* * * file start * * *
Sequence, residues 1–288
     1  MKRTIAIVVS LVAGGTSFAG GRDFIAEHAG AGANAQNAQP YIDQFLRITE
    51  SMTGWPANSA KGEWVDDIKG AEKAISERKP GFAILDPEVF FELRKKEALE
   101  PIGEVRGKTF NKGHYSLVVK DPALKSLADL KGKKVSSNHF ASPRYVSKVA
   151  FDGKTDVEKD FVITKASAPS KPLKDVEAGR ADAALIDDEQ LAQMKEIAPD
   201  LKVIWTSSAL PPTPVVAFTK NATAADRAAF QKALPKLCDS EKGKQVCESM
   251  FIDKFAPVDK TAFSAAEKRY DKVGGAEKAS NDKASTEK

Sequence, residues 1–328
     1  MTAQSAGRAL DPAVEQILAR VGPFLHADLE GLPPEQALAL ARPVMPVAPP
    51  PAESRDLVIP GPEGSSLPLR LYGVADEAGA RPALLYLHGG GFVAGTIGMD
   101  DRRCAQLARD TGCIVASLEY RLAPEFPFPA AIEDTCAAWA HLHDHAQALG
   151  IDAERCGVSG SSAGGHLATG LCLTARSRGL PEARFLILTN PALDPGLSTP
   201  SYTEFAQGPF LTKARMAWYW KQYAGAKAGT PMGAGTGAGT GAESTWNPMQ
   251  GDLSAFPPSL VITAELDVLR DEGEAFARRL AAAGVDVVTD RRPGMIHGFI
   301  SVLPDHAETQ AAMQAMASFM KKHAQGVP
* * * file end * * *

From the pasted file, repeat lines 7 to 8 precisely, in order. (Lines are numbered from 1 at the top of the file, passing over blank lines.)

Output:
   251  FIDKFAPVDK TAFSAAEKRY DKVGGAEKAS NDKASTEK

Sequence, residues 1–328